Iraqi Archbishop urges international community to do more to defeat ISIS

  • Written by:

by Catholic News Service
Displaced Iraqi children stand in a classroom of a school used as a shelter in the city of Ramadi (CNS)
Archbishop Yohanna Moshe of Mosul said if western nations can’t help protect Iraqi refugees, they should ‘open their doors’ to them

A Syriac Catholic Archbishop called on the world’s government to oust ISIS militants from northern parts of the country so thousands of displaced Christians can return home.

Archbishop Yohanna Moshe of Mosul expressed concern over reports of the destruction of religious artefacts and historic buildings by the militants in the occupied Christian communities.

Speaking with the pontifical foundation Aid to the Church in Need on the first anniversary of the ISIS’s takeover of Mosul, Archbishop Moshe said that forcing out ISIS forces was the “best solution” for the 120,000 displaced Christians who fled the city June 10 2014, and nearby towns and villages that were seized in early August.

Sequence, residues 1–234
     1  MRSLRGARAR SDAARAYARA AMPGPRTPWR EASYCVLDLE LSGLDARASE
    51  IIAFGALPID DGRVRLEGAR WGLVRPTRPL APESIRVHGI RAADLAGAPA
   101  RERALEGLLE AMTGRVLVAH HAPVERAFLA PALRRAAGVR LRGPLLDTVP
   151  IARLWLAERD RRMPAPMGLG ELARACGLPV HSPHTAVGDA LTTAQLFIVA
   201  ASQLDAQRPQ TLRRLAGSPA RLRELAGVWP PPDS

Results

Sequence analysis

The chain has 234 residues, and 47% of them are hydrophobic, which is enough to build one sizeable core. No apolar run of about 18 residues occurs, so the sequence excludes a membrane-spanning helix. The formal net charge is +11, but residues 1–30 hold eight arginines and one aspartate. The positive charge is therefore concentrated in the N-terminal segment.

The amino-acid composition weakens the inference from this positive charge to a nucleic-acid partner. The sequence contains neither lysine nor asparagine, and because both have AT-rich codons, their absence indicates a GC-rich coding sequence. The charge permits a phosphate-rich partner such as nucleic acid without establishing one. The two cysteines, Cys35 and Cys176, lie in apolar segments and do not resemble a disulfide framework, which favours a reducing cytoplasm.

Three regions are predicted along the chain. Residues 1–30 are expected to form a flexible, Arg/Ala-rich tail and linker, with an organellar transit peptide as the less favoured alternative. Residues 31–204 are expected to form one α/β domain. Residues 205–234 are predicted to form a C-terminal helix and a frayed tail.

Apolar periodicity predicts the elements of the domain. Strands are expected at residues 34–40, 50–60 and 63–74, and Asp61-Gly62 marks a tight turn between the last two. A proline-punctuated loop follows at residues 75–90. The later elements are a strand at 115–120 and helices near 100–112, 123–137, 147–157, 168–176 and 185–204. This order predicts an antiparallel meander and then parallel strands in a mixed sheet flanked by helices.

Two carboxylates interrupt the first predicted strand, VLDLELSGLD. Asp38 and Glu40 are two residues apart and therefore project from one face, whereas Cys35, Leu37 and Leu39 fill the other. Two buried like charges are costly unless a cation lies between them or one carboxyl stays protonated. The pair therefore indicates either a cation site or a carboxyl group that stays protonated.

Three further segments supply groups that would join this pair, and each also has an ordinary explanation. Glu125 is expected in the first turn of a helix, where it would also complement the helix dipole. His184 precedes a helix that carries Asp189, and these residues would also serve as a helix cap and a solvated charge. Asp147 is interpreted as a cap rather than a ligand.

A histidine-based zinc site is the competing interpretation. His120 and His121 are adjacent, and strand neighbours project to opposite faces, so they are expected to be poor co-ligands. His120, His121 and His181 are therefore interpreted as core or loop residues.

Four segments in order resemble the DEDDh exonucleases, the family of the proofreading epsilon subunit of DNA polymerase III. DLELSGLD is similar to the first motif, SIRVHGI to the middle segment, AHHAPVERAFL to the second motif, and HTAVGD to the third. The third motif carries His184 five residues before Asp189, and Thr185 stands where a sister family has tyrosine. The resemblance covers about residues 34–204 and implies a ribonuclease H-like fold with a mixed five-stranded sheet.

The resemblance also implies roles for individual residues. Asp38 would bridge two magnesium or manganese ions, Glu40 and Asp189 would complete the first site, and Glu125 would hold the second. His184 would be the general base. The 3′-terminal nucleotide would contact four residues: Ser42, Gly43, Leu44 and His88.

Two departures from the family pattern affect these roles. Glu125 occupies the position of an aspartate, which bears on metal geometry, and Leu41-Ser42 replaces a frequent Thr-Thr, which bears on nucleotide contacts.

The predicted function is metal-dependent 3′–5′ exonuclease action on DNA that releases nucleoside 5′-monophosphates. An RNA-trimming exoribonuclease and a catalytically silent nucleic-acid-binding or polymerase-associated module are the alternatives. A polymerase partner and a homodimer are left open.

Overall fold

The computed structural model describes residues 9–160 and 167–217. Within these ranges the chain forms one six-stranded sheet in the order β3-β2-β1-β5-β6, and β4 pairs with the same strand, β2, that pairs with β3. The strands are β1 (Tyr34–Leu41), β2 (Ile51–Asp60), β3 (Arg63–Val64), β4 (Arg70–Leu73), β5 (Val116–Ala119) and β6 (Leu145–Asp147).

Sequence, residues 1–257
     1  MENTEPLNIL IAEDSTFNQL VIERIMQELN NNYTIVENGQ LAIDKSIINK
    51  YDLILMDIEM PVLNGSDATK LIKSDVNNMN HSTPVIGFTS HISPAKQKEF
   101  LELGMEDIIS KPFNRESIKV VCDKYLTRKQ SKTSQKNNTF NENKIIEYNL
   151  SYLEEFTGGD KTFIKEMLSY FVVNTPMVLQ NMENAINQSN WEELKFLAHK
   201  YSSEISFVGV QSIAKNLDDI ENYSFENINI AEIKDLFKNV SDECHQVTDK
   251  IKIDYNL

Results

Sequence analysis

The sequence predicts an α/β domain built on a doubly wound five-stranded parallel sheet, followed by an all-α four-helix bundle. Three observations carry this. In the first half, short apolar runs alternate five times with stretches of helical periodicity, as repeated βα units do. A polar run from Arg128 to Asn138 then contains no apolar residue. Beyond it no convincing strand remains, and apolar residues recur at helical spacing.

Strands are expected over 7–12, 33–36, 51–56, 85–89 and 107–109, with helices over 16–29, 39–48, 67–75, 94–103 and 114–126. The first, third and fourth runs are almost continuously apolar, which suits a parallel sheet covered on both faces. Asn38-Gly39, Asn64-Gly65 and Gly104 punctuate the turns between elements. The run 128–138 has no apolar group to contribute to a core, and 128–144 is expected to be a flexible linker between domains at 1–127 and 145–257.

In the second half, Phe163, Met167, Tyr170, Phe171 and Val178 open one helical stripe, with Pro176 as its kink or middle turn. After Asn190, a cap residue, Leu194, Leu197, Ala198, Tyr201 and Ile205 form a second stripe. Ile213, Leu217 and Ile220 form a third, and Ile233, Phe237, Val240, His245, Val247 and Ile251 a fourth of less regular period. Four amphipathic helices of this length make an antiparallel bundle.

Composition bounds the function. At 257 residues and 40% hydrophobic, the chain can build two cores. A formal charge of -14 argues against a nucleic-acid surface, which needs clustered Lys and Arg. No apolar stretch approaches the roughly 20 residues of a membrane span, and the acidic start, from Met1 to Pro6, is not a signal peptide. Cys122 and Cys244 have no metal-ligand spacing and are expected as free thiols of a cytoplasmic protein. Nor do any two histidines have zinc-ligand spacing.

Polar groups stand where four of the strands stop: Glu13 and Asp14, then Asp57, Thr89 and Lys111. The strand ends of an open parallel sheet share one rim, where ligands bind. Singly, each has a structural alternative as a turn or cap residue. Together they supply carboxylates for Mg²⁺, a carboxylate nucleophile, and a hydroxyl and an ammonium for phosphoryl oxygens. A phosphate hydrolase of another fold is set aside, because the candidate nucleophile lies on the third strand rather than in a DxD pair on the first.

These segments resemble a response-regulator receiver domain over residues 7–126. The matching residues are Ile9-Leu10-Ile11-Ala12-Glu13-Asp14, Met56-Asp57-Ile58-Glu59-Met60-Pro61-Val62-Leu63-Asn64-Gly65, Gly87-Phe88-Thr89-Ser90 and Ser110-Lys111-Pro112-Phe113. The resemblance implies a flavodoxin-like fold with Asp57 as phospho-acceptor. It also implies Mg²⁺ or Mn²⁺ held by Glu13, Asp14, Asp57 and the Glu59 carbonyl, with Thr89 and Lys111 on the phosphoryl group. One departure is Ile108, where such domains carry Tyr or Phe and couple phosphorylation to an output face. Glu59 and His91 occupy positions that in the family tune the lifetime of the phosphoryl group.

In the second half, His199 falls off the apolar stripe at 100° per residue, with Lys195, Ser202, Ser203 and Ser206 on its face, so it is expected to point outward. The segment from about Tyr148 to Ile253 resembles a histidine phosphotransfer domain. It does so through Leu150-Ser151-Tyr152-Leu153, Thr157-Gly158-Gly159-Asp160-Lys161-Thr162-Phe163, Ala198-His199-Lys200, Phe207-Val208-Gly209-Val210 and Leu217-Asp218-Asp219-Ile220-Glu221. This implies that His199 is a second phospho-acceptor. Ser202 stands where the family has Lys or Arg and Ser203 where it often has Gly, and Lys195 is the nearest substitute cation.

The Syriac Catholic prelate also suggested that if western nations were unable to oust ISIS forces, they should welcome Christians and others seeking asylum.

He said: “I am calling on the international community: If they cannot protect us, then they must open their doors and help us start a new life elsewhere. But we would prefer to be in Iraq and be protected in Iraq.

“The only solution that will make them happy and give them dignity is to go back to their homes. We ask everyone to put pressure on the people who have the responsibility to free the (towns and villages) as soon as possible so the people can come back and live in peace in their … homes and continue their lives there.”

Archbishop Moshe, who also was forced to flee Mosul, asked for prayers for the displaced Christians and “especially for our political leaders to help them find the solution that will allow us to go back to our cities.”